Almost a month ago, I was sitting on my back patio in 40-degree weather, comfortably warm without my socks. It’s not that my fluffy robe was keeping me warm, nor was it my quickly cooling coffee. My blood might as well have been boiling, when this article came across my feed: Don’t Be Fooled: TV Chefs’ Recipes aren’t Healthier than Supermarket TV Dinners. All I could think was to wonder how much money Monica Antonio got paid,and by whom (Tesco’s?), to push along the completely false statement that prepackaged foods are as healthy as – let alone healthier than – a homemade dinner.
These thoughts followed: What are they saying? Is she REALLY telling the world that? Who did the study? Is it peer-reviewed, or did she just grab from the Reuters bank of maybe-true things? Can their findings be replicated? There’s literally no way that prepackaged anything is healthier than something homemade. What did they compare? Oh, only calories and saturated fat. I have to do the label analysis to set the record straight.
So, here we are, nearly a month later, and I’m still so upset that anyone would have the gall to push that story along as fact. Let’s be clear on some facts. The minute you say something is categorically good or bad for you because it has sugar, soy, salt, carbohydrates, protein, fat, bullets, or bad actors, is the minute you’ve stepped right off the ledge and into the world of partial truths, pseudo-science, clickbait titles, and unhealthy eating habits. Unless, of course, we’re talking trans fats; science confirms that no amount of trans fats are safe for consumption.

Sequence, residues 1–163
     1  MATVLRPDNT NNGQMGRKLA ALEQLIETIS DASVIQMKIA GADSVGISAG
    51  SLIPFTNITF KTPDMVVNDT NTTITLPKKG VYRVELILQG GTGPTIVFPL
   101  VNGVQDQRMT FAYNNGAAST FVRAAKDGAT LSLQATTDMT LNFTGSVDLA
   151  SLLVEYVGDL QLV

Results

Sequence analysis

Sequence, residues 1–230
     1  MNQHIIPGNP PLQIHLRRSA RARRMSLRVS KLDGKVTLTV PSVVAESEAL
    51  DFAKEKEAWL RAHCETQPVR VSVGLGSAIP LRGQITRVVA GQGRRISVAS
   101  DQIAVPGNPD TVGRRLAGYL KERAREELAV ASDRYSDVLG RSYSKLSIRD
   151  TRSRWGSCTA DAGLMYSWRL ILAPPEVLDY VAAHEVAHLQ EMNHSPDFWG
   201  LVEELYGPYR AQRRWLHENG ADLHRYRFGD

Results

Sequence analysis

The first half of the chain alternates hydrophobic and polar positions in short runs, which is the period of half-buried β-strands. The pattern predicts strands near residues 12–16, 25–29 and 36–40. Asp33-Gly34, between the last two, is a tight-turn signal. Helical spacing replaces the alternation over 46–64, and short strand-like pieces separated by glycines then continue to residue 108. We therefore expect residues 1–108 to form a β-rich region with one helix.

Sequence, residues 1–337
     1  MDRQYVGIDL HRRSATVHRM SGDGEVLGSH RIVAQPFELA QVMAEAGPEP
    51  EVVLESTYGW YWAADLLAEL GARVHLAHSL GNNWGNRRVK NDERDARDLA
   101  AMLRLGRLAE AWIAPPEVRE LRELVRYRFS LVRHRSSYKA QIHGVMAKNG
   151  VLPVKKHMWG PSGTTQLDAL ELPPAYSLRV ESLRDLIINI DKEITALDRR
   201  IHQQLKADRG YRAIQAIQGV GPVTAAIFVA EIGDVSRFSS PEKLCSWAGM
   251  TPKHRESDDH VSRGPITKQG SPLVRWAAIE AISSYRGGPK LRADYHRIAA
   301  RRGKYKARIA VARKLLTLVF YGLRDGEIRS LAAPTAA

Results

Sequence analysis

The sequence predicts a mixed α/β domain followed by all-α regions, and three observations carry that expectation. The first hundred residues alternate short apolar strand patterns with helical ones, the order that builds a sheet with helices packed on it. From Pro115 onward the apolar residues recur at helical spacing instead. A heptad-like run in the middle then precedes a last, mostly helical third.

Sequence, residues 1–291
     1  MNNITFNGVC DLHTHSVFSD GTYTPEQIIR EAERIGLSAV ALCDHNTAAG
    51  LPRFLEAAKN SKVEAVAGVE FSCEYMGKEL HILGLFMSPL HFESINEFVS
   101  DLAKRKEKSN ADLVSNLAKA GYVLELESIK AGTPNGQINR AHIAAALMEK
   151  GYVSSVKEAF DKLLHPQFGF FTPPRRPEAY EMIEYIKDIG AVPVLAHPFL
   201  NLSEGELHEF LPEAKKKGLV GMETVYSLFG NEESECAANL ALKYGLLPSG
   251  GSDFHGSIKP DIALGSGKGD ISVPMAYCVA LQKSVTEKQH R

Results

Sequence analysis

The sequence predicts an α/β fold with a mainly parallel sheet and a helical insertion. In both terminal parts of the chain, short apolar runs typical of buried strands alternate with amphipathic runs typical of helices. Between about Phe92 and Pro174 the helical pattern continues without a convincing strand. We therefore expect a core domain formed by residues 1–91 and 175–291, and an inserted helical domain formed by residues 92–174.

So, put down your cupcakes, donuts, frozen pizza, breakfast sandwiches, microwave popcorn, cream-filled candies, cakes, pies, or cookies, and listen up! Throw out that margarine-soaked bagel, light your oleo tub on fire (use it to rewarm your coffee), and get cozy. Grab a notebook to take notes. I’m gonna break this down for you.
You cannot categorically dismiss any food group because it’s bad for you without tests and a doctor’s note (except anything containing trans fat). Doing otherwise is supremely unhealthy, and your body will probably suffer. You also cannot take the word of any “study”, unless it has been replicated under the exact same circumstances, with the exact same results, more than once. I can’t even go see what those parameters are, because the link to the study in the other article takes me to a 404 page – usually the first sign of bupkis. I am forced to go with what Ms. Antonio wrote about, and break it down to the nitty-gritty of what your body requires based on a 2,000 kCal diet, and with those labels side by side, ingredients included, show you how wrong wrong wrong her statement is.
A few parameters:
- That article spoke only of calories and saturated fats. That’s simply not enough information for a judgment call on what to/not to eat. You can’t base the labels healthy and unhealthy off only saturated fat and calorie content.
- While it is true that there are plenty of REALLY BAD FOR YOU recipes floating around in recipe books, it is far more likely that you would eat an entire TV Dinner than something that resembles an actual recommended portion of something you cooked. The discrepancy in food consumption is amazing.
- Prepackaged foods use tons of chemicals to preserve their content, and keep them “fresh”. I am personally suspicious of any food that doesn’t go bad after a short while.